Still doesn't change the fact that the mode of operation is very inefficient during summer but you could install electric heater in series with boiler as standby or extra back up during heavy demand but would increase standby losses during non heating (summer) mode.
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Old 09-01-2012, 02:25 AM   #10
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Quote:
Originally Posted by techpappy View Post
As long as you don't drain your heating system and boiler the gaskets will be fine and will not leak. Heating boilers typically last 40 - 50 years and are left OFF `for many months when not required without a gasket leak.
I will agree, when it comes to cold start, not warm start boilers.

I don't know how your system is piped or controlled so, that's why being cautious regarding introduction of cold water through heat exchanger.

Still doesn't change the fact that the mode of operation is very inefficient during summer but you could install electric heater in series with boiler as standby or extra back up during heavy demand but would increase standby losses during non heating (summer) mode.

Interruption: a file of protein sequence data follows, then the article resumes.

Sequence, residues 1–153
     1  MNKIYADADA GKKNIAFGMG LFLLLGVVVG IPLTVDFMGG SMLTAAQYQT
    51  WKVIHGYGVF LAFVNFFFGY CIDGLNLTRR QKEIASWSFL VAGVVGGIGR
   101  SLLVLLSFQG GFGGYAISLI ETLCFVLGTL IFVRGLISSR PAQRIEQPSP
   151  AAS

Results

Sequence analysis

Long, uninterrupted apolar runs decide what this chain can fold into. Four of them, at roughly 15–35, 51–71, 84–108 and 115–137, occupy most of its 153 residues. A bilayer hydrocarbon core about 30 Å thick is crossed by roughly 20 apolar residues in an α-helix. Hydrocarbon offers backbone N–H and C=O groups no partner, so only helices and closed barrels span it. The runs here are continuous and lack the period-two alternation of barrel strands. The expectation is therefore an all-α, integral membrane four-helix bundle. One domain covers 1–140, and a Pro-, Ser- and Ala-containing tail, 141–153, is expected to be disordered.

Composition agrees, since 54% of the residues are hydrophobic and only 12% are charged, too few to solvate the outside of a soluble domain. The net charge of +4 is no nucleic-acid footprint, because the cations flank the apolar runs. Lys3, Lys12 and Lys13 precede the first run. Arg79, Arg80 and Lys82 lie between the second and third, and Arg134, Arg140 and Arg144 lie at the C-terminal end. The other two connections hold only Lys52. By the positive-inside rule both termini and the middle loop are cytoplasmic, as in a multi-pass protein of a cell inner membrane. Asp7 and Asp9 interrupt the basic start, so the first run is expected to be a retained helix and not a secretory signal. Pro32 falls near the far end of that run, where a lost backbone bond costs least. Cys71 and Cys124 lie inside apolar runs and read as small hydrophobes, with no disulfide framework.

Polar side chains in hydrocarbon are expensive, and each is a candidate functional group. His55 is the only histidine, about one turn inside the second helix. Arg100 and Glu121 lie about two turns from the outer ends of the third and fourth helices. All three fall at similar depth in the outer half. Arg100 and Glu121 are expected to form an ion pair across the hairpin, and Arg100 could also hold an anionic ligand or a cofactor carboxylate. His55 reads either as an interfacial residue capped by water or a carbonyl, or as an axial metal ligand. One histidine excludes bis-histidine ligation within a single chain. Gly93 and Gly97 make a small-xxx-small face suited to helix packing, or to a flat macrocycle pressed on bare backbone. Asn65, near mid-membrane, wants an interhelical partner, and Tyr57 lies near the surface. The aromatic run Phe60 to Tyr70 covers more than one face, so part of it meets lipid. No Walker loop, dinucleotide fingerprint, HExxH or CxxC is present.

Standby losses wouldn't be any more than they are now, as long as its piped properly. The bonus would be the ability to turn down the boiler aquastats to minimize its firing during summer.
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Old 09-01-2012, 08:00 AM   #11
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Simply by directing DHW via the heat exchanger you are adding to standby heat loss through that heat exchanger. i.e., there are heat losses through any additional heat exchangers in any system. Preheated water goes through secondary heat exchanger(s). All boilers/tanks/heat exchangers have some losses the rate of which depends on the difference between ambient temperature, water temp and insulation values of the particular heat exchanger so any additional heat exchanger adds to losses. Particularly with increased flow. AND..if you actually allow the boiler to start up, just for hot water your losses will skyrocket! Just think! Start cold boiler to add a few gallons of hot water. All the water in the boiler has to be heated and then all that water is cooled back down through vent losses. That is not efficient.

Last edited by techpappy; 09-01-2012 at 08:06 AM.
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Old 09-01-2012, 08:45 PM   #12